If I'm right, the Hoover question could get on the ballot with only 1,441 signatures (1,824 if it needs to be a regular election).

amy said...

Anyone who thinks I trust Steve with anything substantial hasn't been reading here long. But you've just given a nice rehearsal of the paranoia.

I'm deeply unworried about West, where my kid goes. Nor do I mind shunting funding to a part of town that until fairly recently really was pretty obviously in need of more help than any other part of town. That's not racism or NIMBYism; it was a result of well-intentioned but poorly-planned 1980s IC housing policy. Until maybe 10-15 years ago, if you were west of the river in IC and poor, you were probably a student or refugee or scraping-by teacher or social-services person of some kind. Meaning your kids, if you had any, had no money but a big educational push at home. In the mid-aughts there was a concerted IC housing effort to deconcentrate SE IC poverty, and things changed -- but we still never really saw the kind of hopelessness concentration you used to see around Broadway and Mercer Park, except maybe in Bittersweet Court. Which is why exactly the same model house would cost $40K more on this side of the river, a whole 3-4 miles away. So yeah, things have evened out somewhat, especially with new development south of Hwy 6 and to the east. But I have no problem seeing that the east side gets what it needs. Incidentally, I've been in both City and West in the last year, and if I had to choose one to throw money at for building maintenance and improvements, City would still get it in a heartbeat. That's one tired old building.

But the likelihood, I'm afraid, is that we're all going to be managing with less, maybe considerably less, unless of course you're a hospital exec or a developer. UI's new president is finally getting around to doing the thing he was hired to do: in the 90s they used to call it "rightsizing". It will take a while and be unnecessarily bloody (and expensive), but it will happen, and state and federal funding will continue to shrink for at least a while for both health and education, the two big things we do around here. So it would be very nice if we would learn to stop squabbling like this over fears of not having ed palaces with semi-pro athletic fields. Or even of someone else needing and getting more for five or ten years.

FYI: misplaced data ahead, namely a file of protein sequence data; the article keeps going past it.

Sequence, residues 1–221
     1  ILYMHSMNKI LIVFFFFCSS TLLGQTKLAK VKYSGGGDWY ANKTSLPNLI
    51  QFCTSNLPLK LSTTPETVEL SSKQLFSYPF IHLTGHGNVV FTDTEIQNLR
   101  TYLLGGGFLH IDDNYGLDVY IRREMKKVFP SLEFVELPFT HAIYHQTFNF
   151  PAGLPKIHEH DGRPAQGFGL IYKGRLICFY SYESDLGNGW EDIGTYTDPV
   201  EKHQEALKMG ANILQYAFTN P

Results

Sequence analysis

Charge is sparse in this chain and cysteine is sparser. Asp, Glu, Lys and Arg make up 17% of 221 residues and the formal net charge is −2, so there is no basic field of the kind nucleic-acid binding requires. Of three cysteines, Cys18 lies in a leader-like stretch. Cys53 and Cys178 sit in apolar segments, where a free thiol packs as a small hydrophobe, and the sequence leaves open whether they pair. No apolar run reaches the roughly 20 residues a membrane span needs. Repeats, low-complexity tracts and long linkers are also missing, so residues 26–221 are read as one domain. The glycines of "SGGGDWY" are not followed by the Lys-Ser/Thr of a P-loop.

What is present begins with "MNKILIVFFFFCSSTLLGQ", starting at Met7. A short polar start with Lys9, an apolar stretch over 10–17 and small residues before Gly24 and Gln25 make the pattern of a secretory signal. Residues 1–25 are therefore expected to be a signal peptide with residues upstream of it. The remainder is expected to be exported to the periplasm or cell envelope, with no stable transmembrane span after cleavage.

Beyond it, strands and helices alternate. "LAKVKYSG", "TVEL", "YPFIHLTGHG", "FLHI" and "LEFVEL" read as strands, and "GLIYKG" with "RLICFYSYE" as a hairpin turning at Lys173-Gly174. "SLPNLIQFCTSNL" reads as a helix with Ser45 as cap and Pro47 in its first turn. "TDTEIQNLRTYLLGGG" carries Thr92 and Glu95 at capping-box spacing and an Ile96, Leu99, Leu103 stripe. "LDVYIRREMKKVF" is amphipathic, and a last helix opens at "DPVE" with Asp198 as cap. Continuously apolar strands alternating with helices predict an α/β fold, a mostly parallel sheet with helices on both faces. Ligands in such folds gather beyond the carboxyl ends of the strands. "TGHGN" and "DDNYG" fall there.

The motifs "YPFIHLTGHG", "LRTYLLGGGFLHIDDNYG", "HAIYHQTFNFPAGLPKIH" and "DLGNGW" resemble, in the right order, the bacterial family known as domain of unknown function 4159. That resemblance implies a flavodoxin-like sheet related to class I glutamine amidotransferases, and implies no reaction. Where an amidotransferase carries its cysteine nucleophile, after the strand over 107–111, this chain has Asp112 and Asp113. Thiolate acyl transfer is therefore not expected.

Anonymous said...

To a large extent I agree with the previous post. But to call City High (or any other ICCSD building) tired and old strikes me as being a big stretch. In the real world, most districts would envy the facilities ICCSD has. Opstad Aud. New tennis courts. Etc, etc.

Sure there are places that could use improvement. There always will be. But that doesn't mean they are needed. And that's what we have PPEL for.

The core problem with ICCSD is the lack of effective educational leadership from the superintendant. You can spend all the money in the world on new buildings and that won't change.

Anonymous said...

Amy at 10:46 City High is not "one tired old building." It's been well taken care of. Many rooms already have air conditioning. My kid couldn't even think of one classroom that wasn't a cool temperature when I asked. Walk through the building sometime. The lockers even have the City High Little Hawk. The new performing arts wing is incredible. The new classrooms added on the third floor are nice. City High isn't getting more kids in the near future with Liberty opening. Keeping up with the Jones is a bad reason to throw money at schools.

Anonymous said...

Murley has had one kid graduate from West, and currently has two that still attend there. They are nice kids and just because you have a beef with their dad, doesn't mean you have to bring them into the conversation.

ICLocal said...

The east side mafia first and foremost hast been about sports. CHS which used to dominate in IC was no longer on top, and they blamed it on the lack of unequal facilities. The real reason WHS was doing better was because it had a larger student population and was able to draw from a bigger pool of talent. The reason Hoover is being closed is due to sports. The mafia is demanding their fields.

amy said...

Not sure what Anon 6/20 9:26 is talking about, but I never said anything about Murley's kids. I said my kid goes to West.

Anonymous said...

I meant to say the anon commenter on June 19, 2017 at 9:53 AM

I am very sorry.

Anonymous said...

I think what decision makers are doing matters.

Anonymous said...

The public should get to vote about whether to demolish Hoover. Superintendent Murley's failure to provide any reason to tear down Hoover before having the board vote on it is just incompetent and reason enough to reverse the decision.

Former board member Tuyet Doreau said the Hoover decision was a bad decision when the board made it and voted against it.

amy said...

No prob, 10:32 anon.

Anonymous said...

I was just looking over board docs for the upcoming meeting and the Hoover ballot question is listed. Within the doc attached, it says that the Hoover question cannot lawfully appear on the ballot, is this correct?